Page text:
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and oxygenate it.
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The towers will be completely self-sustaining thanks to wind turbines, solar panels, and
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hydrogen fuel cells that would run on the building’s waste.
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These elements will not only produce all the energy the towers need, but also generate
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a little extra energy for the surrounding area.
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The towers are currently awaiting the mayor’s approval, but it’s predicted that construction
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of this massive undertaking will be finished by 2017 or 2018.
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1.
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Tianjin
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Most green technologies are simply products to help existing cities become environmentally
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friendly.
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China is going a step further by simply constructing an entire eco-friendly city from scratch.
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Known as Tianjin, this sustainable community for 350,000 residents is expected to be complete
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by 2020 and will span over 30 square kilometers.
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The entire complex will be powered by solar and wind technologies as well as feature rainwater
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recycling, wastewater treatment, and desalination of seawater.
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Carbon emissions will be basically non-existent with 90% of traffic being public transportation.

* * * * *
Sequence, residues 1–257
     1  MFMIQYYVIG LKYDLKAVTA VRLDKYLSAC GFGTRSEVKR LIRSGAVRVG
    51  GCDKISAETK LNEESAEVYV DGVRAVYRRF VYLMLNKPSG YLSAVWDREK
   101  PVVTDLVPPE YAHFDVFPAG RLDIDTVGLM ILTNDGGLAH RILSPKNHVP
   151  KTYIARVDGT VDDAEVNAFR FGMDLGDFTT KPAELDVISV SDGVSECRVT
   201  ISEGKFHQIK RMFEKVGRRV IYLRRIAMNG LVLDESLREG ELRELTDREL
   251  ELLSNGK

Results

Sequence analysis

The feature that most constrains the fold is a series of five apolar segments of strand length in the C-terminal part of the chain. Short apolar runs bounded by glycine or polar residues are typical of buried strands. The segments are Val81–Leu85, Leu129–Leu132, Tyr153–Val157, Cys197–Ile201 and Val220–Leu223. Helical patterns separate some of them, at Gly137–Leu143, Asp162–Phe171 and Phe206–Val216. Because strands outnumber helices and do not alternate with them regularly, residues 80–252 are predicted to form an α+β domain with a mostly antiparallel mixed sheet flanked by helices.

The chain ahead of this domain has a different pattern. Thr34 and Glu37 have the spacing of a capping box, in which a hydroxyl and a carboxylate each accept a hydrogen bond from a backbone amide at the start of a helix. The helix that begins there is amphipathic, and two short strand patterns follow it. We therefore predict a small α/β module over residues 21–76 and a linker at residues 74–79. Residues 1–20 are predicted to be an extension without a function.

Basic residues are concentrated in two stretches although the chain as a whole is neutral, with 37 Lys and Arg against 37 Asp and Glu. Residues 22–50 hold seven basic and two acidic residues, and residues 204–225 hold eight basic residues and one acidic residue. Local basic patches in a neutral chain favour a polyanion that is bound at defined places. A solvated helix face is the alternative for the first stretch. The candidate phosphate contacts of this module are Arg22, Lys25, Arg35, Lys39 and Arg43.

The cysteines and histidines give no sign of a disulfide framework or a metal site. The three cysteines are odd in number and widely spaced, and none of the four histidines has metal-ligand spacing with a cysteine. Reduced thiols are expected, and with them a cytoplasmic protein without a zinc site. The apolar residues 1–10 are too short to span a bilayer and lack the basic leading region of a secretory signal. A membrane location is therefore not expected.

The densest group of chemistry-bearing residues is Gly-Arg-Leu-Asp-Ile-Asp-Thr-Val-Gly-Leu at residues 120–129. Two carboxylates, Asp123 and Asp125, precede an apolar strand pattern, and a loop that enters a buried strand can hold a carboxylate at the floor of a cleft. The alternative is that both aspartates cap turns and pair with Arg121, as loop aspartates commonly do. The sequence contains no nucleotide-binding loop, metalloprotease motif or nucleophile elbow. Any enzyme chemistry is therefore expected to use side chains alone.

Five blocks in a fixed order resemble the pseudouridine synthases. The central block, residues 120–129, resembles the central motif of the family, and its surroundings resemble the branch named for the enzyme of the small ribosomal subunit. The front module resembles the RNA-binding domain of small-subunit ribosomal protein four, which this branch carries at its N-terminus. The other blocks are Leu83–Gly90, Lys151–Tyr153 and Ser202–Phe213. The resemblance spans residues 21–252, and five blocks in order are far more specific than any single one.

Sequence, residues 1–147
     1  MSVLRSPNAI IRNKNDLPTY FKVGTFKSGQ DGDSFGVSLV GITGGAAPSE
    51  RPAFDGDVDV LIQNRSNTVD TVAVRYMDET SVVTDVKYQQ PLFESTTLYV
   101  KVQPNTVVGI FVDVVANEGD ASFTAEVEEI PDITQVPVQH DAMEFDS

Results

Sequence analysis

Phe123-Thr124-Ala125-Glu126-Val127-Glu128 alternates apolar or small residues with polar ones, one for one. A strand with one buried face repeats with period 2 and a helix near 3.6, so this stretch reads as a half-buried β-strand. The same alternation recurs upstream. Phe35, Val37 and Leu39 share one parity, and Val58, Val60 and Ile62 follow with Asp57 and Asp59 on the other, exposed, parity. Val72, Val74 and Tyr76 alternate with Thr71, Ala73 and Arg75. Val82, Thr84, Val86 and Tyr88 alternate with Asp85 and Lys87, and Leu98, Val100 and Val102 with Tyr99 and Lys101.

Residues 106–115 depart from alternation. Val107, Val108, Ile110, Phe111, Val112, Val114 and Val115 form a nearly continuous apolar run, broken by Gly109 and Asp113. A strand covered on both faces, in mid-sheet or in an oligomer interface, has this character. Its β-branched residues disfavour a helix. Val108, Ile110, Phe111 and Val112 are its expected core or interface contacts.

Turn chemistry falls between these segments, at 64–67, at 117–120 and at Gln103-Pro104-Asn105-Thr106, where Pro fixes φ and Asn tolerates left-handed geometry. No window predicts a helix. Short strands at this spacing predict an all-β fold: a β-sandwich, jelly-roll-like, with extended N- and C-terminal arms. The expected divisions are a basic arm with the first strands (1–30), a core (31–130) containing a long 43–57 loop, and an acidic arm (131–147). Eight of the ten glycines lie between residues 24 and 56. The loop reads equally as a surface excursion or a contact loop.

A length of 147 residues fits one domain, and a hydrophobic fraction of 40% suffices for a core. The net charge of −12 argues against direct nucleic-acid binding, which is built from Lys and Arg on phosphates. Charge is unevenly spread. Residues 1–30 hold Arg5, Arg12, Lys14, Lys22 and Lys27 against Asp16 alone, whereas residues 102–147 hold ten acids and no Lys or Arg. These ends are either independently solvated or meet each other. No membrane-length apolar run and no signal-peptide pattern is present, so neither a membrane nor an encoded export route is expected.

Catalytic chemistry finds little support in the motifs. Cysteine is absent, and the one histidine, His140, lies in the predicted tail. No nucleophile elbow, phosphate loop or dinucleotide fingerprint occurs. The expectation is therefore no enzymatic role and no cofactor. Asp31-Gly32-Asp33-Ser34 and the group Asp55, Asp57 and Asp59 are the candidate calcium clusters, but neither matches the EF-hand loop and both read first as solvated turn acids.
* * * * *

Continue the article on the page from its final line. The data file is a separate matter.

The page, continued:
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The city will be divided into seven districts, each with its own sustainability theme.
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The Lifescape district will be in the heart of Tianjin and feature soil-topped mounds
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to contrast the surrounding high-rise buildings.
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Eco-Valley will serve as a corridor for the new light rail system to operate and connect
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the districts.
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Solarscape will act as the administrative and civic center.
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Urbanscape will function as core of the city and utilize vertical layering to reduce emissions
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and make efficient use of vertical space.
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Its buildings will be organized as a honeycomb and interconnect using sky bridges.
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Windscape will serve as a place for recreation and relaxation.
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Earthscape will function as the residential suburbs and be filled with lush greenery.
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Lastly, Eco-corridors will bisect the city and provide a path for animals to move about
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the city without human interference.
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If successful, Tianjin could serve as a stepping stone for more green cities.